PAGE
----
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Celastrus orbiculatus - Thunb.

Common Name Oriental Bittersweet
Family Celastraceae
USDA hardiness 4-8
Known Hazards None known
Habitats Thickets on grassy slopes in lowland and mountains all over Japan[58]. Forest edges in China[147].
Range N.E. Asia - China, Japan, Korea.
Edibility Rating  
Other Uses  
Weed Potential Yes
Medicinal Rating  
Care
Fully Hardy Moist Soil Full shade Semi-shade Full sun
Celastrus orbiculatus Oriental Bittersweet


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Celastrus orbiculatus Oriental Bittersweet
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Summary


Physical Characteristics

 icon of manicon of climber
Celastrus orbiculatus is a deciduous Climber growing to 12 m (39ft) by 12 m (39ft) at a fast rate.
It is hardy to zone (UK) 4. It is in flower from Jul to August, and the seeds ripen from Nov to February. The species is dioecious (individual flowers are either male or female, but only one sex is to be found on any one plant so both male and female plants must be grown if seed is required). and are pollinated by Bees. Suitable for: light (sandy) and medium (loamy) soils, prefers well-drained soil and can grow in nutritionally poor soil. Suitable pH: acid and neutral soils. It can grow in full shade (deep woodland) semi-shade (light woodland) or no shade. It prefers moist soil.

Synonyms

C. articulatus. Thunb.

Habitats

Woodland Garden Dappled Shade; Shady Edge; not Deep Shade; Hedge;

Edible Uses

Edible Parts: Leaves.
Edible Uses:

Young leaves - cooked[105, 177].

Medicinal Uses



Plants For A Future can not take any responsibility for any adverse effects from the use of plants. Always seek advice from a professional before using a plant medicinally.

Antiphlogistic;  Antirheumatic;  Cancer;  Depurative;  Tonic.

The roots, stems and leaves are antiphlogistic, antirheumatic, depurative and tonic[147, 218]. A decoction of the roots and stems is used internally whilst the crushed fresh leaves are used for external applications[147]. The plant is used in the treatment of paralysis, numbness of the four extremities, headache, toothache, spontaneous abscess formation and snake bites[147]. Many plants in this genus contain compounds of interest for their antitumour activity[218].

Other Uses

Hedge;  Hedge.

Used as a hedge[58]. Ornamental.

Cultivation details

Prefers a deep loamy soil[1] but succeeds in most soils so long as they are not too shallow[202]. Succeeds in full or partial shade[188]. Plants flower more freely if their top-growth is in the sun[182]. Requires a humus-rich soil if it is to be at its best[219]. A very ornamental plant[1], it is hardy to about -25°c[200]. A rampant climber, it requires ample space and is best grown into an old tree[1, 200. It climbs by means of twining and also by the young stems having prickles[182]. Plants do not normally require pruning[219]. Plants in this genus are notably resistant to honey fungus[200]. Plants are usually dioecious, in which case male and female plants must be grown if seed is required, but hermaphrodite forms are in cultivation[11, 182, 200].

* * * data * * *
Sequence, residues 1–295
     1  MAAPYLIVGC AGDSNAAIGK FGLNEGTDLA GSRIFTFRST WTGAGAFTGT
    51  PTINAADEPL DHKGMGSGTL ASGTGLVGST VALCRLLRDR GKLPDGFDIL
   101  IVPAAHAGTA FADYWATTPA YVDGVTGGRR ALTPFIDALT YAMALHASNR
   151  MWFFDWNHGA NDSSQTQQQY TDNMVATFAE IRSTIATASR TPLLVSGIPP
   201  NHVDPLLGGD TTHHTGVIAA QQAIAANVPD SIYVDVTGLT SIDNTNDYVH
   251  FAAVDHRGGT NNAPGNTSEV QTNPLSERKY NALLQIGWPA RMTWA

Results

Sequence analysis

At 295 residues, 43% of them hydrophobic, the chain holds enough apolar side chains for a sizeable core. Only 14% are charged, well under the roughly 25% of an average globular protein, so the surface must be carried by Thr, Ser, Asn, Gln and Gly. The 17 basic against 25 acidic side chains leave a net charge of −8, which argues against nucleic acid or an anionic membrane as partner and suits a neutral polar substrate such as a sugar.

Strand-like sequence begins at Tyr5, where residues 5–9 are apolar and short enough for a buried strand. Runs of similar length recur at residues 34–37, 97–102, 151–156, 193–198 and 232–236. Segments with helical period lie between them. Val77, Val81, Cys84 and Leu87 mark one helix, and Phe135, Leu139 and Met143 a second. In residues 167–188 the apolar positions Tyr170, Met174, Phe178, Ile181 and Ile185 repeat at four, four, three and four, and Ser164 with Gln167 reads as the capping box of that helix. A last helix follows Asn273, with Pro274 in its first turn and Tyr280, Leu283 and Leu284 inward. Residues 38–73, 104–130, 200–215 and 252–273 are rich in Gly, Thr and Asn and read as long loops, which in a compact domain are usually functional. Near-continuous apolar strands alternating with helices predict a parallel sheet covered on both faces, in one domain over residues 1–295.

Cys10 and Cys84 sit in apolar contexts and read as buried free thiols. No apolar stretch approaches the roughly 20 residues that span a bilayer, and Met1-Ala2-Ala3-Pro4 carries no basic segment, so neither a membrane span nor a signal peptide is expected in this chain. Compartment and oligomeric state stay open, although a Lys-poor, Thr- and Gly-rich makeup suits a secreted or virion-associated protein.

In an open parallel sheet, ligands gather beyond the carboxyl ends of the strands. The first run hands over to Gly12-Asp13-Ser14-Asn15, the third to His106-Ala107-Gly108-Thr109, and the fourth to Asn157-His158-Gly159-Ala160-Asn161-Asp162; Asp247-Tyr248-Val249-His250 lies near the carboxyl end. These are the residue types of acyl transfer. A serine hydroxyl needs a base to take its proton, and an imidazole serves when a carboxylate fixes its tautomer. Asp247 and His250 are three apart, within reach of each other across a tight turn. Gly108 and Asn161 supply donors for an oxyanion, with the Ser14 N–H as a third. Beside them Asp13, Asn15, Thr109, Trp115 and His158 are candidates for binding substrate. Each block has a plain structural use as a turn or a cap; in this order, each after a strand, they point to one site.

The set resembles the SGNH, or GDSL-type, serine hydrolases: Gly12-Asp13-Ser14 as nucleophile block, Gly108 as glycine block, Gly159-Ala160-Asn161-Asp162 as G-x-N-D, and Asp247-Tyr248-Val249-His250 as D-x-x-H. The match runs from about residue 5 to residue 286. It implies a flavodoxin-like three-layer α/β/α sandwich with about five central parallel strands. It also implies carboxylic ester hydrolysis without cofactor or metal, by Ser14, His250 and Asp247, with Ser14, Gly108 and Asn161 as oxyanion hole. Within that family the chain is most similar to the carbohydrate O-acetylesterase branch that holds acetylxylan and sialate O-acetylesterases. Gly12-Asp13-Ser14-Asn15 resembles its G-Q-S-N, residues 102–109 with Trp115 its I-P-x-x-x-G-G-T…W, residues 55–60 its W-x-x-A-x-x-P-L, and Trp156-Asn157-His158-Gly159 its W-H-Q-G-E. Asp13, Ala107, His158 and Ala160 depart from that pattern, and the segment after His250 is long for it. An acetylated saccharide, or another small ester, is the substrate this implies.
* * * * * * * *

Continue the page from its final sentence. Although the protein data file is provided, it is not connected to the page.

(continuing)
Propagation

Seed - gather when ripe, store in dry sand and sow February in a warm greenhouse[78]. Three months cold stratification leads to a higher germination rate[113]. Remove the flesh of the fruit since this inhibits germination[113]. Germination rates are usually good[78]. When they are large enough to handle, prick the seedlings out into individual pots and grow them on in a greenhouse for at least their first winter. Plant them out into their permanent positions in late spring or early summer, after the last expected frosts. Cuttings of half-ripe wood, July/August in a frame[188]. Layering in August of the current seasons growth. Takes 12 months[78]. Root cuttings, 6mm thick 25mm long in December. Plant horizontally in pots in a frame[78].

Other Names

If available other names are mentioned here

Preferred Common Name: Asiatic bittersweet. Other English: Asian bittersweet; Chinese bittersweet; Japanese bittersweet; oriental bittersweet. Germany: Baumwürger, Rundblättriger. Japan: tsuru-ume-mo-doki. New Zealand: climbing spindleberry. USA: round-leaved bittersweet. Others: Baiwanye, Man she teng, Nobaktonggul.

Found In

Countries where the plant has been found are listed here if the information is available

Asia: China, Japan, Korea, Mongolia, Taiwan, USA, Europe: Russia, UK, Oceania: Australia, New Zealand.

Weed Potential

Right plant wrong place. We are currently updating this section. Please note that a plant may be invasive in one area but may not in your area so it’s worth checking.

Considered to be an invasive species in eastern North America. As a fast growing, twining vine, C. orbiculatus is a threat to other plants through constriction of the woody stems it climbs upon leading to slowed growth and eventually mechanical failure, over-topping and shading out plants beneath it, and outright competition for resources [1d].

Conservation Status

IUCN Red List of Threatened Plants Status : This taxon has not yet been assessed.

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Expert comment

Author

Thunb.

Botanical References

1158200

Links / References

For a list of references used on this page please go here

Readers comment

Valerie Wenham   Sun Jan 23 10:32:51 2005

How can I tell which seedling or plant is male or which female? I already have one plant which is non-productive, and want to supply a mate! Many thanks - Valerie

   Wed Jun 20 2007

HOW LONG DOES IT TAKE FOR THE CELASTRUS ORBICULATUS TO FLOWER AND TO GERMINATE? THANK YOU.

   Dec 10 2010 12:00AM

Please note that this plant is highly invasive outside of its native range.

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Subject : Celastrus orbiculatus  
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